During PCI enumeration, firmware also reads Option ROM register. If that register is not empty then it contains address of Option ROM. This is ROM chip that is physically situated on the PCI device. For example the network card may contain Option ROM which holds iPXE firmware. When an Option ROM is encountered then it is read into DRAM and executed.

Handing Control to OS loader

Before handing over control to next stage loader which is usually an OS loader like GRUB2 or LILO, the firmware sets up some information inside memory which is later to be consumed by the OS. This information is things like Advanced Configuration and Power Interface (ACPI) tables and memory map itself. Memory map tells the OS what address ranges have been set up for what purposes. The regions can be gerenal memory for OS use, ACPI related address ranges, reserved (i.e. not to be used by OS), IOAPIC (to be used by IOAPIC), LAPIC (to be used by LAPICs). Boot firmware also sets up handlers for System Management Mode (SMM) interrupts. SMM is an operating mode of Intel CPUs, just like Real, Protected and Long (64-bit) modes. A CPU enters SMM mode upon receipt of an SMM interrupt which can be triggered by a number of things like chip’s temperature reaching a certain level. Before handing control to OS loader, the firmware also locks down some registers and CPU capability, so that it can’t be changed afterwards by the OS.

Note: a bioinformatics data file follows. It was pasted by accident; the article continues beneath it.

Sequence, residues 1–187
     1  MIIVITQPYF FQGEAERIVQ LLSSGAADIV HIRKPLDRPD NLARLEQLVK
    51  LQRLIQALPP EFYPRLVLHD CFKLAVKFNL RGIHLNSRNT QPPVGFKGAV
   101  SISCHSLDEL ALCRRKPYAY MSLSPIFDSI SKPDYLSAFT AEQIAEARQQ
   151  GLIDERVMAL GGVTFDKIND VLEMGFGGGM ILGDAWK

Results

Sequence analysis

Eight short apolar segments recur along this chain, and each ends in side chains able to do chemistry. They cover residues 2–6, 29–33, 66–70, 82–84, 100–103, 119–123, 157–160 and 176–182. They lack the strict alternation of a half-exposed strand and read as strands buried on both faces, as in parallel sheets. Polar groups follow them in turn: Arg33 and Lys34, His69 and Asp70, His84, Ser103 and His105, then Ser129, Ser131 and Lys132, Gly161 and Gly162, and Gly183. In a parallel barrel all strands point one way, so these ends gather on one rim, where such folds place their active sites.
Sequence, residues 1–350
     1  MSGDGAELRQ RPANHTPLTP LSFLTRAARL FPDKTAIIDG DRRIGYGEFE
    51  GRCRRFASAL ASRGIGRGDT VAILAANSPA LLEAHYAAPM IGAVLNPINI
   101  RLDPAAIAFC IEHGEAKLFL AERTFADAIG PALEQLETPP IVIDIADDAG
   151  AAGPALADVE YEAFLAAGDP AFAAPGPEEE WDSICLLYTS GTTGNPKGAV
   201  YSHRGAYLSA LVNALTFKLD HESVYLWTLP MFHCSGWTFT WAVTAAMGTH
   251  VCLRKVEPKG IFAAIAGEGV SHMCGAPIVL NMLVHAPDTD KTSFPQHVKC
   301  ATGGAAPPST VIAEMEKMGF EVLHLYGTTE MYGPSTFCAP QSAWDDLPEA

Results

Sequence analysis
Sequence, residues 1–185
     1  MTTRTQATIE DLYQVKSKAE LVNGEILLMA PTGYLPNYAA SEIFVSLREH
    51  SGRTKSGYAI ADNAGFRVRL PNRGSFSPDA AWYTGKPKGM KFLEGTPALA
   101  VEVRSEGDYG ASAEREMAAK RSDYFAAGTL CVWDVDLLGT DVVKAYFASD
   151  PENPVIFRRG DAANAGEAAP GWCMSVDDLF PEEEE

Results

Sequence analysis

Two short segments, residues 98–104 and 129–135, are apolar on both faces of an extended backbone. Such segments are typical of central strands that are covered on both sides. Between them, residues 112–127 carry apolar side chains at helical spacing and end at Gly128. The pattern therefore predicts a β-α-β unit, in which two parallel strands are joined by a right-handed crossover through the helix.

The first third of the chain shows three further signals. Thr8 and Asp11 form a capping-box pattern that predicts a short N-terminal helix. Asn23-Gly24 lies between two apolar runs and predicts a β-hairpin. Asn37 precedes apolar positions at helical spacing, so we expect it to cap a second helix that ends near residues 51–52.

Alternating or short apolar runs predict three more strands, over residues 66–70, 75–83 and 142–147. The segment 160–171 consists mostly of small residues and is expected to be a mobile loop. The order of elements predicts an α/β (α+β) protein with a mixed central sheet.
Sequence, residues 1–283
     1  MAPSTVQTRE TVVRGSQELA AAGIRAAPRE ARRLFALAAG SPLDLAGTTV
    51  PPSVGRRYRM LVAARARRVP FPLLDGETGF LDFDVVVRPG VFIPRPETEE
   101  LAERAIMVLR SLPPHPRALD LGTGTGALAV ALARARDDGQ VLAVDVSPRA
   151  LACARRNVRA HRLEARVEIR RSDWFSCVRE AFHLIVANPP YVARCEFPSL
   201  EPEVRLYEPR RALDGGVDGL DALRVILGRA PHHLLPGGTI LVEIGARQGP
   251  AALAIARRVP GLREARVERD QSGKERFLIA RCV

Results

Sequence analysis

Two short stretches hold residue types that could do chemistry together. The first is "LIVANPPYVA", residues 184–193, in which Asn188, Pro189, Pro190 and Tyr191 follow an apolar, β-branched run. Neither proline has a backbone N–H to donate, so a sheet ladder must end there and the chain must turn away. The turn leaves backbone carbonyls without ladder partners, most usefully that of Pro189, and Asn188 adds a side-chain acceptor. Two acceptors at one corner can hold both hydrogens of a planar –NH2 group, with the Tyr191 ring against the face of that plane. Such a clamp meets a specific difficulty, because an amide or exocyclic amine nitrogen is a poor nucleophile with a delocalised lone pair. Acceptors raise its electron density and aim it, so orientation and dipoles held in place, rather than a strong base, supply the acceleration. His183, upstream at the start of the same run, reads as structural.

Actual transfer of control to the OS loader usually takes form of a JMP to that part of memory. An OS loader like GRUB2 will perform actions based on its config and ultimately pass controle to an operating system like Linux. For Linux, this will usually be a bzImage (big zImage, not bz compression). It is worth noting that the OS, like Linux would enumerate PCI devices again and may have other overlap with some of the final initialisations done by boot firmware. Linux usually picks up the system in 32-bit mode with paging turned off and performs its own initialisations which include setting up page tables, enabling paging and switching to long mode, i.e. 64-bit.


[1] userbinator on Hacker News pointed out that IP hasn’t always held the value 0xfff0 on a reset. On 8086/8088 it was 0x0. Here’s what he found from Intel’s documentation:

8086/88:   CS:IP = FFFF:0000 first instruction at FFFF0